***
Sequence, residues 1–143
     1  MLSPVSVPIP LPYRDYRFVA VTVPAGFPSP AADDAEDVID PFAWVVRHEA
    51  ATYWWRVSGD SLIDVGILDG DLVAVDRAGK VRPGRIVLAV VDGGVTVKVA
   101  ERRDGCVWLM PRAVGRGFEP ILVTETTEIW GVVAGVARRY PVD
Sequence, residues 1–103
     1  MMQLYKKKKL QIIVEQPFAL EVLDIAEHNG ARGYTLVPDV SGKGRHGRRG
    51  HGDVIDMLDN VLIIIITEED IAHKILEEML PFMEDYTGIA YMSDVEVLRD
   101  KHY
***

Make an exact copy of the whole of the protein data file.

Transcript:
Sequence, residues 1–143
     1  MLSPVSVPIP LPYRDYRFVA VTVPAGFPSP AADDAEDVID PFAWVVRHEA
    51  ATYWWRVSGD SLIDVGILDG DLVAVDRAGK VRPGRIVLAV VDGGVTVKVA
   101  ERRDGCVWLM PRAVGRGFEP ILVTETTEIW GVVAGVARRY PVD
Sequence, residues 1–103
     1  MMQLYKKKKL QIIVEQPFAL EVLDIAEHNG ARGYTLVPDV SGKGRHGRRG
    51  HGDVIDMLDN VLIIIITEED IAHKILEEML PFMEDYTGIA YMSDVEVLRD
   101  KHY